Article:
The “push-pull” output stage of the circuit block 12 (i.e. the junction 23 between the switches S1 and S2) switches between the applied input voltage VIN and 0 volts at a frequency defined by the particular device application. A controller (not shown) drives the switches to connect the output filter to the applied input voltage VIN or to ground to maintain the output voltage at a predetermined level. Specifically, the controller drives the switches S1 and S2 so as to connect and disconnect the applied input voltage VIN to the output filter to generate the regulated low voltage output (RLVO).

For ease of description, the applied input voltage VIN is taken to be +3.3 V for the remainder of the disclosure although it will be understood that any input voltage could be used. As mentioned, the output of the circuit block 12 switches between the applied input voltage VIN (˜+3.3 V) and 0 volts to provide a regulated low voltage output (RLVO) at the output terminal 27. When the output of the circuit block 12 switches to 0 V (i.e. when the voltage switch S1 is turned “OFF” and the switch S2 is turned “ON”), the first diode D1 is forward biased resulting in the first capacitor C1 being charged to +3.3 V minus a forward voltage drop (VD) across the first diode D1. The forward voltage drop (VD) is typically 0.2 V for a Schottky device or, alternatively, 0.7 V for a normal diode. Assuming Schottky diode operation, the first capacitor C1 is charged to (3.3-0.2) V or 3.1 V.

Then, when the output stage of the circuit block 12 switches to +3.3 V (i.e. when voltage switch S1 is turned “ON” and switch S2 is turned “OFF”), the voltage Vx at node 26 rises momentarily to +6.4 V (3.3 V+3.1 V) and the first diode D1 is reverse biased. The first capacitor C1 thereby discharges into the second capacitor C2 via forward-biasing of the second diode D2. The resulting voltage across the second capacitor C2 will be the auxiliary high voltage output (AHVO). Specifically, this voltage will be 6.4 V minus the forward voltage drop (VD) across the second diode D2 (i.e. 0.2 V for a Schottky device or 0.7 V for a normal diode). Again assuming Schottky diode operation, the voltage across the second capacitor C2 will be 6.2 V. Therefore, the power supply 20 of FIG. 2 provides an auxiliary high voltage output (AHVO) defined by AHVO=2 (VIN−VD). As current is drawn from the capacitor C2, the voltage will of course drop somewhat.

Thus, the present invention uses the inherent properties of a conventional step-down switching voltage regulator with a push-pull output stage to provide an auxiliary voltage rail higher than the input supply voltage. The push-pull output stage of the step-down voltage regulator is used to drive a charge pump voltage-doubler circuit. Advantageously, the circuit topology of the present invention provides a low component count (i.e. two diodes and two capacitors) resulting in lower component cost and smaller physical size.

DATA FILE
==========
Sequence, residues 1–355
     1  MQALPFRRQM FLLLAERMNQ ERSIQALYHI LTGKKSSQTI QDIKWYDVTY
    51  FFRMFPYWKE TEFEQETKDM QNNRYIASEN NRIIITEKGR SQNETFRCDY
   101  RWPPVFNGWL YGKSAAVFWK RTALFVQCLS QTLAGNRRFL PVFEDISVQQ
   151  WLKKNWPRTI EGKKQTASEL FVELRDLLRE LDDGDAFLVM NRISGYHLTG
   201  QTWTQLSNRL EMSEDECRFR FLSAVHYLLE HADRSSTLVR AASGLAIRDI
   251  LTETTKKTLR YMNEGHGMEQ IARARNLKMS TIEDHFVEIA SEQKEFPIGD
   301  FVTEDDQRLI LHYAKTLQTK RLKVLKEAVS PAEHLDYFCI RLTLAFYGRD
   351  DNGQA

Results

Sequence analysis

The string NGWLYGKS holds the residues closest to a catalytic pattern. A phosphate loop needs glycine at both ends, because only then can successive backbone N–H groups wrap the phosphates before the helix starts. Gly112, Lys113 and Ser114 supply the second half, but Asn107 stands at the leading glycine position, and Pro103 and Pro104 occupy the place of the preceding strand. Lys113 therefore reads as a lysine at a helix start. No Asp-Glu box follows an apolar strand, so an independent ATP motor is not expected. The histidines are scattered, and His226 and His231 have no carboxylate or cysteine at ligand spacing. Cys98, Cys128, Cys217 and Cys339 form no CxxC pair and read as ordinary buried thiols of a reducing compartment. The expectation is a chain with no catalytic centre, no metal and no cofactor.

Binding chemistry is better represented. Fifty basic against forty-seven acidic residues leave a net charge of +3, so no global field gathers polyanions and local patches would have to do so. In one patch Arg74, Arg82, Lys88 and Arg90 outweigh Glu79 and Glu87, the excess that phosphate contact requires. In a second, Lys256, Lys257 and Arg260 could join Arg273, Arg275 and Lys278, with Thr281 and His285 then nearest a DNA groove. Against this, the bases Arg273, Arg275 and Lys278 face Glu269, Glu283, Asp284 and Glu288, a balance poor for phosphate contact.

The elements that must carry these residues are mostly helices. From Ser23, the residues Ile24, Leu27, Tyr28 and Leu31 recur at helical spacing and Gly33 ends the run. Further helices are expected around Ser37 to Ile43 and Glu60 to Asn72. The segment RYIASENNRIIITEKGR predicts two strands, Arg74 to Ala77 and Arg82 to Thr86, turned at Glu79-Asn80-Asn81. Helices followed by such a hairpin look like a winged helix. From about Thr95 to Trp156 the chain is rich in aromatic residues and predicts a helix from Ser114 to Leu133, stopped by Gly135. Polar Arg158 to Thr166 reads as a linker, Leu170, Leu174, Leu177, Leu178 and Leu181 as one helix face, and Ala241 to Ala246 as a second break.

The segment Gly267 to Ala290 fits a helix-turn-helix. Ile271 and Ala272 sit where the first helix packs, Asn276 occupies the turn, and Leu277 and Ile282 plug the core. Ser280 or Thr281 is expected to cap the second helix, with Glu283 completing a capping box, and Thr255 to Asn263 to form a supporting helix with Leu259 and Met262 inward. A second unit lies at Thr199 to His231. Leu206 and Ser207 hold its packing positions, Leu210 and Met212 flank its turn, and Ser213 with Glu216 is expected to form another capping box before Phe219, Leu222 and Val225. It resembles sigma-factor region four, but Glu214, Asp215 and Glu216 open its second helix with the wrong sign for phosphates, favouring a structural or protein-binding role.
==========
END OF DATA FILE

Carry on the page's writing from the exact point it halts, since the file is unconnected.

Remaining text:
It should be noted that the switches S1 and S2 in FIG. 2 may be any suitable switch type for connecting and disconnecting the applied input voltage VIN to the output terminal 23 of the circuit block 12. For example, transistor switches may be used in which case any of bipolar junction transistor (BJT), junction field-effect transistor (JFET), metal oxide semiconductor field effect transistors (MOSFET), or bipolar CMOS (BiCMOS) technologies may be employed.

Those skilled in the art will appreciate that the multi-stage charge pump circuitry depicted in FIG. 2 may include additional diode-capacitor stages cascaded together in order to boost the input voltage to higher levels. In this way, the voltage converter of the present invention may be adapted to provide an auxiliary high voltage output (AHVO) equal to n(VIN−VD), where n equals the number of diode-capacitor stages in the multi-stage charge pump circuitry.

The embodiment(s) of the invention described above is (are) intended to be exemplary only. The scope of the invention is therefore intended to be limited solely by the scope of the appended claims.

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Classifications
U.S. Classification323/225, 363/60, 323/271, 323/267
International ClassificationH02M3/07, H02M3/158
Cooperative ClassificationH02M2001/009, Y02B70/1466, H02M3/07, H02M3/1588
European ClassificationH02M3/158S, H02M3/07